In the last chapter of the book the author discusses with remarkable power the causes of the phenomena he

has discovered. He believes that the favourable effects of crossing are due to the parents having been subjected to diverse conditions; but what the precise benefit is, or how it can operate so as to render the offspring more healthy and vigorous, he cannot discern. "And so it is," he observes, "with many other facts, which are so obscure that we stand in awe before the mystery of life." So it is. The man who probably understood nature better than any man who has ever lived, who had not only asked her multitudinous questions, but to whom very many answers had been undoubtedly vouchsafed in response to his persevering, humble, diligent, acute questioning, acknowledges that he knows little; that much remains a mystery. But from all we know of him, from his books, his letters, his friends, his was the joy of a soul in sympathy with the master power of the universe. He marched continually on the confines of the unknown, and to him was granted the felicity of largely extending the boundaries of the known.

Again, in 1877, a new work proceeded from Darwin's pen, "The Different Forms of Flowers in Plants of the same Species," dedicated to Professor Asa Gray. It gathered up the contents of numerous papers read before the Linnean Society, with later additions, and showed conclusively how many plants possess distinctive forms of flowers in the same species, adapted to, and in some cases absolutely necessitating, reciprocal fertilisation through the visits of insects. It gave evidence of all the well-known Darwinian characteristics of long-continued labour, thought, and experiment.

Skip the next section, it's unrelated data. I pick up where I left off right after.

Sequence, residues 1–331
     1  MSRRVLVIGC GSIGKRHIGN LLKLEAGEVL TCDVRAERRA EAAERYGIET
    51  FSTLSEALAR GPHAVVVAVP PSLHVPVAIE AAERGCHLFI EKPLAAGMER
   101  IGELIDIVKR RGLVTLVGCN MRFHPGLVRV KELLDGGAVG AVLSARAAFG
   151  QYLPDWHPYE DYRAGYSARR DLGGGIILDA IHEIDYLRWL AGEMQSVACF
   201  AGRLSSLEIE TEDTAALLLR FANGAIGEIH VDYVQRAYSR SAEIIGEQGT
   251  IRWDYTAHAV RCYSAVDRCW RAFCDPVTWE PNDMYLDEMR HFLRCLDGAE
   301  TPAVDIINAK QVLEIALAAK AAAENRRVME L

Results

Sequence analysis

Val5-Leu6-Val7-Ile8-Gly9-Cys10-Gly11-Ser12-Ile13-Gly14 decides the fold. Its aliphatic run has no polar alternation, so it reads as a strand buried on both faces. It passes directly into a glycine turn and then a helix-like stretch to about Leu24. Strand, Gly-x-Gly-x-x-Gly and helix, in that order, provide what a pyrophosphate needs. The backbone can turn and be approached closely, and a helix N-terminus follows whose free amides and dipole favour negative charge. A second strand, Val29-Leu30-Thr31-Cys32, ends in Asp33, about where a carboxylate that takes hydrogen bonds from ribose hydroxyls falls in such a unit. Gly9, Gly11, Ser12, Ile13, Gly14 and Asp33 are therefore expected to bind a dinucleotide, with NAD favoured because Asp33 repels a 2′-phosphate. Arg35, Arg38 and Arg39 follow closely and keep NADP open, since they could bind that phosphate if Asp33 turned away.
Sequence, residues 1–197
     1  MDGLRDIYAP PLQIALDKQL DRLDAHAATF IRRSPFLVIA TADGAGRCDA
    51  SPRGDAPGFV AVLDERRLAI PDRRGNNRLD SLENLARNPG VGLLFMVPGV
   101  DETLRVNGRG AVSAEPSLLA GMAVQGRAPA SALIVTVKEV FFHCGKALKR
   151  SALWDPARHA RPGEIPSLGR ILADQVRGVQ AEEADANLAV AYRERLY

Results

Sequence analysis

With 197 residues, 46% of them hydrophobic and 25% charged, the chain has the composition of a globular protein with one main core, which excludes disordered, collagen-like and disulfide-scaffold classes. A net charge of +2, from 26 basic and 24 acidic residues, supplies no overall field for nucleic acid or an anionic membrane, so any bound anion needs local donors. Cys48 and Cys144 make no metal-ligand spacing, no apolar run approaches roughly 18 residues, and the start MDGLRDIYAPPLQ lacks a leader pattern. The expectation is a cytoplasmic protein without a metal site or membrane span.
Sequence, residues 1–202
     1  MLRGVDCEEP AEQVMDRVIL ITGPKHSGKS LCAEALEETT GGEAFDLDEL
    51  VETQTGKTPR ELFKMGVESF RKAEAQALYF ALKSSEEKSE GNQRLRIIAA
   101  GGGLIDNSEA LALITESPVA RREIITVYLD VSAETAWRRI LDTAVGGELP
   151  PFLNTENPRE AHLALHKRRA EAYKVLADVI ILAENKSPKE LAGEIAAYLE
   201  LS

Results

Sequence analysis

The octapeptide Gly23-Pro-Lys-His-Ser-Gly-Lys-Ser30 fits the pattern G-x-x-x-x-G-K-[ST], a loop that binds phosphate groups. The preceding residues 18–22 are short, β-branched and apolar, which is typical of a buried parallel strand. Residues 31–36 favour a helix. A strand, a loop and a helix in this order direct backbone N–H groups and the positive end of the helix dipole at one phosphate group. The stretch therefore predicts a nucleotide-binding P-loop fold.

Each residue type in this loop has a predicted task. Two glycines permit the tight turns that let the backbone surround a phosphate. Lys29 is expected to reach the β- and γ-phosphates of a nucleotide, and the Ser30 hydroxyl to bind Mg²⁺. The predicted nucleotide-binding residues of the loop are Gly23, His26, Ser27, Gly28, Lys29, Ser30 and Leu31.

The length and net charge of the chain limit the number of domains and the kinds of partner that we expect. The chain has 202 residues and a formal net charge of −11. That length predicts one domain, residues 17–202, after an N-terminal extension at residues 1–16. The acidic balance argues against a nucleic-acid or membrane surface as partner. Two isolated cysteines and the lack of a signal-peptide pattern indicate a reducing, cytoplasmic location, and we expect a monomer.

In 1880 "The Power of Movement in Plants" was ex

emplified in a fresh volume, in which the veteran was materially assisted by his son, Mr. Francis Darwin. Its object was to describe and connect together several large classes of movements, common to almost all plants. The surprising fact was established, that all the parts or organs of plants, whilst they continue to grow, are continually revolving, or circumnutating as Darwin called it. This movement commences even before the young seedling has broken through the ground. The combination of this with the effects of gravity and light explains countless phenomena in the life of plants. The tip of the rootlet is thus enabled to penetrate the ground, and it is proved to be more sensitive than the most delicate tendril. Movement goes on through all stages of life. Every growing shoot of a great tree is continually describing small ellipses; the tip of every rootlet endeavours to do the same. The changes of position of leaves and of climbing plants, and the sleep of leaves are all brought under this great principle of circuminutation. It is impossible in reading the book not to be struck with the great resemblance between the movements of plants and many of the actions performed unconsciously by the lower animals. "With plants an astonishingly small stimulus suffices, and, even with allied plants, one may be highly sensitive to the slightest continued pressure, and another highly sensitive to a slight momentary touch. The habit of moving at certain periods is inherited both by plants and animals, and several other points of similitude have been specified. But the most striking resemblance is the localisation of their sensitiveness, and the transmission of an influence from the excited part to another which consequently moves. Yet plants do not